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A Happy, Passionate, Enthusiastic Doctor Is What Our Patients Deserve.

This Women’s Month we’re celebrating the importance of women in healthcare

Wednesday, August 26 2020

 
With at least 50% of the medical workforce graduating out of medical school being women, it’s essential that there are female role models in medicine that can inspire and mentor them. This Women’s Month we’re celebrating the importance of women in healthcare, women who teach and motivate those around them, women like Victoria Stephen, a Specialist Emergency Physician working at Far East Rand Hospital.
 
Dr. Stephen spends most of her time working in the emergency department seeing patients and teaching junior doctors in Emergency Medicine. She also works part-time as an ICU fellow at Charlotte Maxeke Johannesburg Academic Hospital.
 
Despite the sacrifices it takes to work in healthcare, sacrifices such as spending most of your twenties working and becoming a better doctor, then specialising further; missing out on travelling with friends, or watching series and having hobbies. Despite these sacrifices, Victoria says she would still do medicine, but advises her juniors to take more time for themselves in their early years of working.

“Do medicine if it is your passion to work with people. It’s not a career to make money in; it is a sacrifice, so you should be happy in what you do. A happy, passionate, enthusiastic doctor is what our patients deserve. If you feel this way, then go for it, it is an absolute privilege to be a doctor and help people.”

 Medicine is NOT Grey’s Anatomy, ER, or Scrubs.
 
When it comes to her proudest moment, she says there have been many, but one stand-out moment was when she was working at Chris Hani Baragwanath Hospital in 2015. “A man out of nowhere asked me if I was Dr. Stephen. I said I was. He said that I saved his brother’s life when he was badly injured in 2008. I remember the patient well. I was really thankful that I had made a difference to the patient and his family.”

Dr. Stephen says she chose emergency medicine because it’s a broad speciality, with new things to learn all the time. “It’s a rapidly growing speciality, you have to keep current in your knowledge to ensure that you are up to date and giving your patients good quality care. Every day in the ED is different.” But she also wants anyone thinking of pursuing a career in healthcare to know that medicine isn’t like the medical TV shows we all love, “. . . that is not the real world. In fact, nearly all doctors I know can’t stand watching medical TV shows.”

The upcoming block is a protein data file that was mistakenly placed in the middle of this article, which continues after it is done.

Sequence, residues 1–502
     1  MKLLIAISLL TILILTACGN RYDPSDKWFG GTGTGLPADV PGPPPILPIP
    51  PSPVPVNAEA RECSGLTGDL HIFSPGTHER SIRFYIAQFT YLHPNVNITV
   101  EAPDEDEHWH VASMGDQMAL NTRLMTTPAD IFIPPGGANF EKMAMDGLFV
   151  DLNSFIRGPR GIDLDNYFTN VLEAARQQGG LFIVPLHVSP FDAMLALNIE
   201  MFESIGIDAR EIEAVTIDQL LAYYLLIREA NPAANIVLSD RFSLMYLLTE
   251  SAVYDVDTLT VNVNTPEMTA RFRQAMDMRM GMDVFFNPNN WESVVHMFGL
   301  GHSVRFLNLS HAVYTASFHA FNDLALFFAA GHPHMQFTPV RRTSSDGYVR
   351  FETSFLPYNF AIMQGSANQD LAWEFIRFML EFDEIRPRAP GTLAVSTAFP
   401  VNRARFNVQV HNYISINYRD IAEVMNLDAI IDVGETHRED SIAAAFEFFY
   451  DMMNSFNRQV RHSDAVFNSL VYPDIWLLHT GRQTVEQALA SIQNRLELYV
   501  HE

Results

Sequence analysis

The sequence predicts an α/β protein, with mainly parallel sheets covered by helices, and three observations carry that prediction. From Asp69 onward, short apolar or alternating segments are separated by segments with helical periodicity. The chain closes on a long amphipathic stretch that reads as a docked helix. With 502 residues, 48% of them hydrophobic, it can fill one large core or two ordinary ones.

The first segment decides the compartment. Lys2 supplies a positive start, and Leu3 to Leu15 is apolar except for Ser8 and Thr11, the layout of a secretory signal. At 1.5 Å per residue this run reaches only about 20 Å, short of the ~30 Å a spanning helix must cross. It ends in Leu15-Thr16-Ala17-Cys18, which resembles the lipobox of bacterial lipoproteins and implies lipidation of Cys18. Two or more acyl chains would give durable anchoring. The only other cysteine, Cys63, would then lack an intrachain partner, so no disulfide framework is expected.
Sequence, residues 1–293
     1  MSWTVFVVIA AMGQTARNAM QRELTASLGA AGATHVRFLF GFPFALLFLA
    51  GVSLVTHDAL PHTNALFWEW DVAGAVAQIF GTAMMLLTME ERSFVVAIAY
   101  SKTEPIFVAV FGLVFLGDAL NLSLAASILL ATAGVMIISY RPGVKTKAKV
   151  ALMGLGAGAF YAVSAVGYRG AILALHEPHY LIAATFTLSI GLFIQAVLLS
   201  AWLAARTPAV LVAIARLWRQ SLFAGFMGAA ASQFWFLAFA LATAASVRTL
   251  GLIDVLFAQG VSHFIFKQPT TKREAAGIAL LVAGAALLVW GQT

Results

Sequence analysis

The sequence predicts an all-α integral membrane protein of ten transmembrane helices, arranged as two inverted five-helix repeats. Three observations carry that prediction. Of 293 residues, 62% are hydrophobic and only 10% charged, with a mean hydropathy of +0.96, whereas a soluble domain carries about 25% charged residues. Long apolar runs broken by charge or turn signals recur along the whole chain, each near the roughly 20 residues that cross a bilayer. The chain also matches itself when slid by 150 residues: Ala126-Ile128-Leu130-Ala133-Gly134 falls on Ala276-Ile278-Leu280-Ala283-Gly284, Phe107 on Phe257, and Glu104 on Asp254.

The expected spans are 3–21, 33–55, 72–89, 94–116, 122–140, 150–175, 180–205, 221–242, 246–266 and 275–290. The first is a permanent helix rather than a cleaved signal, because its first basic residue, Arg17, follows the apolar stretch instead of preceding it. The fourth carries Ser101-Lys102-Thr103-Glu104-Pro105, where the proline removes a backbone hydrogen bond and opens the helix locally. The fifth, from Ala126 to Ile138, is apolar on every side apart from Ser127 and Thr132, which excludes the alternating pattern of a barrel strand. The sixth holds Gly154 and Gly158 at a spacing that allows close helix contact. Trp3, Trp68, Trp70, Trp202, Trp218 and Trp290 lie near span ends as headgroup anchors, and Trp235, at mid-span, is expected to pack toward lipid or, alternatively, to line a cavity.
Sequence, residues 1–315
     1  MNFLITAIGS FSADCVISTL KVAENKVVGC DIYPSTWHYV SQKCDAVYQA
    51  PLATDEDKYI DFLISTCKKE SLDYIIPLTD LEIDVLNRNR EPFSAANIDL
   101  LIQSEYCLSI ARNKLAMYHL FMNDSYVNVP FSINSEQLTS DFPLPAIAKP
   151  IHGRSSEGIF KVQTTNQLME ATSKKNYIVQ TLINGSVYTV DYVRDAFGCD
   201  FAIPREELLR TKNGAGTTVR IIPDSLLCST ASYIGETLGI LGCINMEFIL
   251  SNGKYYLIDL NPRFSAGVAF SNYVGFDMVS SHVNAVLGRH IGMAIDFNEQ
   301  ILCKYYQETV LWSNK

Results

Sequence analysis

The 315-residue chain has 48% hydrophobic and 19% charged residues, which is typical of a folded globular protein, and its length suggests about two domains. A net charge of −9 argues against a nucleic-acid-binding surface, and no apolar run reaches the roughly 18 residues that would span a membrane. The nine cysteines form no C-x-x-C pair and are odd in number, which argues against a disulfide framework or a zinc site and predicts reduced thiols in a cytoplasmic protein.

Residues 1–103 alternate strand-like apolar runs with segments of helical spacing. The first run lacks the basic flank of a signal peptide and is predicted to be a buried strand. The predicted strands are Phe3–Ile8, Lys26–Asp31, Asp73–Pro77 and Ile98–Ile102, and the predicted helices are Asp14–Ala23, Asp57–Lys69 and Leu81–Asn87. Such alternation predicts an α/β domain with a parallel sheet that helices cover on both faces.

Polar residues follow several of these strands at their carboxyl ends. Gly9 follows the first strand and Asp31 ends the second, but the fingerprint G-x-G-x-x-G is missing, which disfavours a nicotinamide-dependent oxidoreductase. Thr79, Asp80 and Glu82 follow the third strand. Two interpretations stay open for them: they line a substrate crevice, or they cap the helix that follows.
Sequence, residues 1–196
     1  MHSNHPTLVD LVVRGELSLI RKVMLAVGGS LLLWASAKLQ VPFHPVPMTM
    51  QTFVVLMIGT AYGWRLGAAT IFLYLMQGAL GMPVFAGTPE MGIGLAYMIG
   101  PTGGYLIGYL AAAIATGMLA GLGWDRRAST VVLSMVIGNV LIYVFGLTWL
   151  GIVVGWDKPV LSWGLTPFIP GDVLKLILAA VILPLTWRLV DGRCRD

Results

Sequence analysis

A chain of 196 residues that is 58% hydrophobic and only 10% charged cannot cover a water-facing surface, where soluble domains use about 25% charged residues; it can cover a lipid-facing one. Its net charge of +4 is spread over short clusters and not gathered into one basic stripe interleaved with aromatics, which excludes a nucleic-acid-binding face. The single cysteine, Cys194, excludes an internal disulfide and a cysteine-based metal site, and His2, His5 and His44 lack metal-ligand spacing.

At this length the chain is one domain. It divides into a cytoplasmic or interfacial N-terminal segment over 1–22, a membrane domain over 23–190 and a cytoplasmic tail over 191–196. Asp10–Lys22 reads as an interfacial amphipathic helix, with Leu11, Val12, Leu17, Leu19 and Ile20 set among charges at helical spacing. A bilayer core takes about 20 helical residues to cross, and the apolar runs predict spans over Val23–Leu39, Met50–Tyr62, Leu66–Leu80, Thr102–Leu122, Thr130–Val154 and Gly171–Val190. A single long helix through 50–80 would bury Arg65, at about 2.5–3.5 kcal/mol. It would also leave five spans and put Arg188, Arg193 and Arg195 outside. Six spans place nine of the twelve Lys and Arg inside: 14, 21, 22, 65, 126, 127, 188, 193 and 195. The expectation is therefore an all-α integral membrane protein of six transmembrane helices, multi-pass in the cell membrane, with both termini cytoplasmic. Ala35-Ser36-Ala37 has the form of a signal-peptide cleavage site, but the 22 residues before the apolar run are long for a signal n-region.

On Being A Woman In Healthcare
 
As a specialist today, Dr. Stephen notes that she wasn’t always confident in her medical abilities and even though she was interested in medicine, she didn’t think she was good enough. Luckily for her patients and the many lives she’s saved working in the Emergency Department, her mum inspired her and gave her the confidence to follow her dreams.

Women need to be given more opportunities, such as bursaries to enable them to study further. A lot of women are locked out as they don’t have the financial means to study.

Women form the bulk of the healthcare workforce, as most nurses are women. Some of the misconceptions about women in various roles in healthcare are that nurses are greatly under-appreciated and under-paid. “I have worked with many fantastic nurses over the years.”

My Experience with COVID-19

Healthcare workers are disproportionately infected with COVID-19, despite the hygiene measures and precautions that they take, as COVID is a highly infectious disease. The physical, mental, and emotional toll on healthcare workers cannot be under-emphasised. Women have also been responsible for most tasks around the home and caring for children. "A more equal home environment would assist women in being more effective, both in and out of the workplace."
 
“I contracted COVID-19 while working in the ICU in May. I was very fortunate to have had a mild illness and have recovered fully. My biggest concern was who I may have inadvertently passed it onto – my colleagues and my husband. My husband started to feel sick right after my diagnosis. I was very worried about him while we were waiting for his result.”

Victoria and her husband isolated from each other, but she was still looking after him by bringing him food and medication. “He looked sicker than I felt. His results came out negative, and after that, I made sure he looked after me, of which he did a great job. But I thought it was very typical; I was the one who was sick, and I was still looking after him!”
 
One of the most notable outcomes of the COVID-19 alcohol ban was how the amount of trauma in medical facilities dropped. Alcohol abuse has a devastating impact on our society, on families, and the patients themselves as victims of trauma. South Africa sees a disproportionate amount of trauma patients. This is often linked to alcohol abuse, in the form of car crashes, domestic violence, assault in the form of stabbings and fights.
 
“As much as the ban has not been fun for moderate drinkers, and the economic loss of sales has had a devastating effect on our alcohol industry, the amount of trauma in our facilities has dropped. Regulations around alcohol should have been improved decades ago.”

 

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